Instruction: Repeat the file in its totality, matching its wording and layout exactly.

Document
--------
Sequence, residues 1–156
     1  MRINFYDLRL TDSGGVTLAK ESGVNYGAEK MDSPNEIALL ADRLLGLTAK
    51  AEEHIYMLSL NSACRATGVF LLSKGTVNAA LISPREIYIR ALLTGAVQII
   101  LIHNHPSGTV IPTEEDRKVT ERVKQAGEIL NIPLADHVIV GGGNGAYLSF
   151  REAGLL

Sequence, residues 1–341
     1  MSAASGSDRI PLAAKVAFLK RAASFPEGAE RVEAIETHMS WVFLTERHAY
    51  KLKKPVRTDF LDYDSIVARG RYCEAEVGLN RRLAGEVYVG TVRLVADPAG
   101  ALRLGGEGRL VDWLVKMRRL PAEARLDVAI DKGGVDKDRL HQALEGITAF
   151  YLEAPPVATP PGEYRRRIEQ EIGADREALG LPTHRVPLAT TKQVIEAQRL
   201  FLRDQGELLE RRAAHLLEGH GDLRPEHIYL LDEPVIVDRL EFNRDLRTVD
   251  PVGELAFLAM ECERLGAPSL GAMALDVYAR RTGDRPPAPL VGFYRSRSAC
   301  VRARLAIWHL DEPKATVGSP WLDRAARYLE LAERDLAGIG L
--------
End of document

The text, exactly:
Sequence, residues 1–156
     1  MRINFYDLRL TDSGGVTLAK ESGVNYGAEK MDSPNEIALL ADRLLGLTAK
    51  AEEHIYMLSL NSACRATGVF LLSKGTVNAA LISPREIYIR ALLTGAVQII
   101  LIHNHPSGTV IPTEEDRKVT ERVKQAGEIL NIPLADHVIV GGGNGAYLSF
   151  REAGLL

Sequence, residues 1–341
     1  MSAASGSDRI PLAAKVAFLK RAASFPEGAE RVEAIETHMS WVFLTERHAY
    51  KLKKPVRTDF LDYDSIVARG RYCEAEVGLN RRLAGEVYVG TVRLVADPAG
   101  ALRLGGEGRL VDWLVKMRRL PAEARLDVAI DKGGVDKDRL HQALEGITAF
   151  YLEAPPVATP PGEYRRRIEQ EIGADREALG LPTHRVPLAT TKQVIEAQRL
   201  FLRDQGELLE RRAAHLLEGH GDLRPEHIYL LDEPVIVDRL EFNRDLRTVD
   251  PVGELAFLAM ECERLGAPSL GAMALDVYAR RTGDRPPAPL VGFYRSRSAC
   301  VRARLAIWHL DEPKATVGSP WLDRAARYLE LAERDLAGIG L